Friday, 26 September 2014

Woefully Ineffective: A Review of The Rosie Effect by Graeme Simsion

NOTE: There are spoilers throughout so don’t read this unless you want the book to be spoiled for you (though I would argue it was already spoiled). But if you’re just looking for a yay or nay from me, it is most certainly a HELL NO!

After the success of The Rosie Project last year, it was inevitable that we’d get a sequel, though so soon was surprising. In The Rosie Project we followed the adventures of Don Tillman, a genetics professor (with probable Aspergers) who went looking for a wife and found one in Rosie, who drew him into her own quest to find her unknown biological father. 

In The Rosie Effect, Rosie is pregnant and Don is going to be a father. I’m going to stop there because this relates to my biggest problem with the book. There are numerous problems with this novel - in fact, I can’t name a single positive about it - and everything about it totally stinks but my biggest issue with this novel is the total lack of a plot. 

See how I summarised The Rosie Project - it sounds like a real novel right, with a story? Then see how I tried to summarise The Rosie Effect - one line about Rosie being pregnant - and stopped. Because there is no plot to this book and that’s why it’s such a tedious read. 

Don and Rosie are in New York, Rosie’s pursuing her degree, Don’s doing his genetics stuff, Gene, Don’s philandering colleague, joins them because his wife kicked him out. This isn’t plot, it’s just setup. Don’s friends with a guy who installs refrigeration systems and happens to have done a big job for an old rock drummer called George. And this brings me to the next problem with the book - zero conflict.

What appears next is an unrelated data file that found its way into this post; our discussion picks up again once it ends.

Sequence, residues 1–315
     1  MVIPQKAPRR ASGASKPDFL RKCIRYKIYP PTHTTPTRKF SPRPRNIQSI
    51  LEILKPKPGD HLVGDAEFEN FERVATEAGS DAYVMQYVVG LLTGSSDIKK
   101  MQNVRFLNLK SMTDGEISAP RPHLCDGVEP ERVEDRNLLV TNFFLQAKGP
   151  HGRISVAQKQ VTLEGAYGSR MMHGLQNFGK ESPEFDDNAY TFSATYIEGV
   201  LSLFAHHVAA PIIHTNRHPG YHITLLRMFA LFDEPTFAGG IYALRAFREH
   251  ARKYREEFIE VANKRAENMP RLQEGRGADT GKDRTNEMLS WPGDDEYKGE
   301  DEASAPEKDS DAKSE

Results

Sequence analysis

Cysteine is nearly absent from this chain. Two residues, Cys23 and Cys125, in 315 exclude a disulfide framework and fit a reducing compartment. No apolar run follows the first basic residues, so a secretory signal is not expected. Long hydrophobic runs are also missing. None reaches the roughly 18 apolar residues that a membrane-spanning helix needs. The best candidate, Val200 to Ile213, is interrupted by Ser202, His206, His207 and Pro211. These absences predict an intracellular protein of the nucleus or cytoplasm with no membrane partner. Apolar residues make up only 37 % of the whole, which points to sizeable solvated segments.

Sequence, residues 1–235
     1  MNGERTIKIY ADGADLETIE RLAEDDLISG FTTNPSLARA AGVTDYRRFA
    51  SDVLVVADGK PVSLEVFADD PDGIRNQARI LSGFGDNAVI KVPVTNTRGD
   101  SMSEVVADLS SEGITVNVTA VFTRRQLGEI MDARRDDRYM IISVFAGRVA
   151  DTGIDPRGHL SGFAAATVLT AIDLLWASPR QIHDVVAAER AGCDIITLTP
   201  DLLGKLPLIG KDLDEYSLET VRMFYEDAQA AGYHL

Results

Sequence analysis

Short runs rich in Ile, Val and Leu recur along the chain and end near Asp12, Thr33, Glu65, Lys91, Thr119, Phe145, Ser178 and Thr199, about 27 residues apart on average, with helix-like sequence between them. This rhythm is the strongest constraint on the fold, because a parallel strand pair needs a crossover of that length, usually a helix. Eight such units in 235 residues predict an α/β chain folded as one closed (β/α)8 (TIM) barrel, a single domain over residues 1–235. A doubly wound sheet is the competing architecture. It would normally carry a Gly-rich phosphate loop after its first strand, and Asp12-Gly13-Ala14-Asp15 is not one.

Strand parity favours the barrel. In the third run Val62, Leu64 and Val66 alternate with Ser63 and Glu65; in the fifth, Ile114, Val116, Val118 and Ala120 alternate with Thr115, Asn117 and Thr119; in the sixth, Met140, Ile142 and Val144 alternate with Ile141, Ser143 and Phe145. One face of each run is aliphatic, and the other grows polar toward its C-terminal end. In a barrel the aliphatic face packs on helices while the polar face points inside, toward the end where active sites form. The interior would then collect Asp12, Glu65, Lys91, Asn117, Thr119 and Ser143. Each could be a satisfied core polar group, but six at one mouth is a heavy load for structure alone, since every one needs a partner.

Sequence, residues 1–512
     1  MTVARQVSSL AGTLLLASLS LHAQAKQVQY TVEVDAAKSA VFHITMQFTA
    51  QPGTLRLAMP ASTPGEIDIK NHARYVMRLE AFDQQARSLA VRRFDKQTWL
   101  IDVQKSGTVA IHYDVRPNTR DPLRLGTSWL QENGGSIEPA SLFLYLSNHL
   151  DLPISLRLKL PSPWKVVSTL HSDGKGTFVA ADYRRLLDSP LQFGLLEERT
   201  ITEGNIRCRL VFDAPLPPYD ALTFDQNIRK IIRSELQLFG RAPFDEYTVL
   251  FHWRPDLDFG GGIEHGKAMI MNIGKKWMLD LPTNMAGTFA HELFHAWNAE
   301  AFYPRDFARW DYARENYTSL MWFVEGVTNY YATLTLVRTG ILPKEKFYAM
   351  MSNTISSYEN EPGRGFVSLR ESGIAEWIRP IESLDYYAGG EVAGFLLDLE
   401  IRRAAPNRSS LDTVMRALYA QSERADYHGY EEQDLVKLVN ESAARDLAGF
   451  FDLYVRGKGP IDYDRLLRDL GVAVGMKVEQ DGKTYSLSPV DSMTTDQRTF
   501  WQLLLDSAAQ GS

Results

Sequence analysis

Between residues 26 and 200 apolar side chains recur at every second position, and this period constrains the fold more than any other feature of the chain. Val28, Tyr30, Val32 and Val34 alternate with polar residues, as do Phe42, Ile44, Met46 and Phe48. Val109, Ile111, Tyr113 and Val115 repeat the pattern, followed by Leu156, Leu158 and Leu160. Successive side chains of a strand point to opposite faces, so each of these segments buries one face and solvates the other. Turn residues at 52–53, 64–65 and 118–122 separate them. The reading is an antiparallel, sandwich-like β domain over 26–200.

There is never a single problem in the “story” that Don doesn’t deal with easily, or Simsion magically solves for Don. Don and Rosie need a place to stay? Well, Don happens to know a guy who knows a rock drummer who is obsessed with beer and has an entire apartment below his attached to his beer cellar - they could stay in the spacious new apartment for free and Don could monitor the temperature of the beer for him! Well isn’t that convenient! 

Simsion contrives numerous “obstacles” for Don to overcome that essentially end with “and the person realised it was a stupid novelistic contrivance designed to eat up pages before waving Don on”. For instance, a social worker - based on nothing more than Don’s unknowing ordering of an unecological dish - sets out to cause problems for him, threatening to deport him being as he is an Aussie living in America. 

This allows Simsion to insert a well-used sitcom trope of having someone impersonating someone else, in this case one of Don’s friends pretending to be Rosie because Don doesn’t want to cause Rosie any extra stress that might harm the baby. How does that storyline end? Eh, turns out it doesn’t really matter. Social worker admits to behaving irrationally, falls for Gene, the end. 

Arguably the worst offender out of these contrivances is the fact that, in the third act, Simsion realised he didn’t have any dramatic way of building to the finale because he hadn’t bothered with any story up to that point. So he invents some nonsense about Rosie suddenly thinking that Don won’t make a good husband, so she decides to leave him and go back to Australia. It’s so awkward and out of the blue, it’s staggering - really? We’re supposed to believe this crap out of nowhere?!